Skip to main content

Saudi Arabia issues threat over proposed UN Yemen probe

Saudi Arabia reportedly sent letter to two unidentified countries saying they may cut off trade with those who vote for human rights resolution
More than 8,000 people have been killed, including at least 1,500 children in Yemen (Reuters)

Saudi Arabia issued a threat towards the UN Human Rights Council that if a proposed resolution were to pass, the country may limit trade and diplomatic ties with those who vote in favour of it.

The kingdom reportedly sent a letter to two unidentified countries that said Arab nations “will not accept” a resolution introduced by Canada and the Netherlands.

"Adopting the Netherlands/Canadian draft resolution in the Human Rights Council may negatively affect the bilateral political and economic relations with Saudi Arabia," the letter read.

The proposed resolution by Canada and the Netherlands “seeks to create a commission of inquiry, similar to one for the conflict in Syria,” according to a New York Times report.

Yemen needs united nations, not the United Nations
Afrah Nasser
Read More »

Saudi and other Arab countries have a proposed resolution of their own, which focuses on a domestic investigation “that critics say has failed to hold rights violators to account,” according to an Associated Press report.

UN human rights chief Zeid Ra’ad has previously called for an independent investigation.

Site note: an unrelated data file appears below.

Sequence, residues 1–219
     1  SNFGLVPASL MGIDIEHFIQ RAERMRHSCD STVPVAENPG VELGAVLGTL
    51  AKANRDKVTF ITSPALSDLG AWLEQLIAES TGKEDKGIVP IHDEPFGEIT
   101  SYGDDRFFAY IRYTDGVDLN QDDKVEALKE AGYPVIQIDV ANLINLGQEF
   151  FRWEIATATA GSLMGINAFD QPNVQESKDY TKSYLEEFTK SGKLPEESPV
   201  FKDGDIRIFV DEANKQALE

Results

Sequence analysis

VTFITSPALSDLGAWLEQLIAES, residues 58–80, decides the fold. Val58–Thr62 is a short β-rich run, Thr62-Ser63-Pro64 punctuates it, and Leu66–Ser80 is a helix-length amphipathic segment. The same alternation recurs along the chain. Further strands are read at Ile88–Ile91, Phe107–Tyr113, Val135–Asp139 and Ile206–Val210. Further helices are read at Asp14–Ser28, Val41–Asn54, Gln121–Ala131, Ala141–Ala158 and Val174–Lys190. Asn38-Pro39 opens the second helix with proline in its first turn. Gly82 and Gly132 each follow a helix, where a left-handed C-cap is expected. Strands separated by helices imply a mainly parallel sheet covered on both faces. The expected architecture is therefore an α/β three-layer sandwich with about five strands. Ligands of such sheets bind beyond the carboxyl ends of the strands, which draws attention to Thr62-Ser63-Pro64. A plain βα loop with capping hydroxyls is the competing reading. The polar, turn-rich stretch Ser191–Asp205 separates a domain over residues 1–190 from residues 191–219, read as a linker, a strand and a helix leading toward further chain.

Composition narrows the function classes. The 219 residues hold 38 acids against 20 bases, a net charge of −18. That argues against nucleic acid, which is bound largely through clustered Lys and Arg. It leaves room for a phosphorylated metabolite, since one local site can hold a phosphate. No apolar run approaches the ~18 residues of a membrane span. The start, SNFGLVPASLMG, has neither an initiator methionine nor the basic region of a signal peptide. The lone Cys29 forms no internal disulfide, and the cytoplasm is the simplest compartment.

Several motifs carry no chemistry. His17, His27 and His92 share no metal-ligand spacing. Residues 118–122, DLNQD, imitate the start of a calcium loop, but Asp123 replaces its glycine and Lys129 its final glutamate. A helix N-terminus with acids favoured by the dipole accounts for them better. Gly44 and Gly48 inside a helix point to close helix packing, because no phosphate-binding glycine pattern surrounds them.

The US has not taken sides on which resolution to endorse.

The Saudi-led coalition, which has been waging a war against the Houthis since March 2015, has been repeatedly criticised for attacks on civilians. 

More than 8,000 people have been killed, including at least 1,500 children, and millions displaced in the conflict, which has pushed the impoverished country to the brink of famine.

A cholera outbreak has also claimed the lives of more than 1,800 people since April, with 400,000 suspected cases across the country, according to the United Nations and the International Committee of the Red Cross.

The United Nations warned in July that 80 percent of Yemen's children desperately needed aid in what the organisation called the "largest humanitarian crisis in the world".

Stay informed with MEE's newsletters

Sign up to get the latest alerts, insights and analysis, starting with Turkey Unpacked

Middle East Eye delivers independent and unrivalled coverage and analysis of the Middle East, North Africa and beyond. To learn more about republishing this content and the associated fees, please fill out this form. More about MEE can be found here.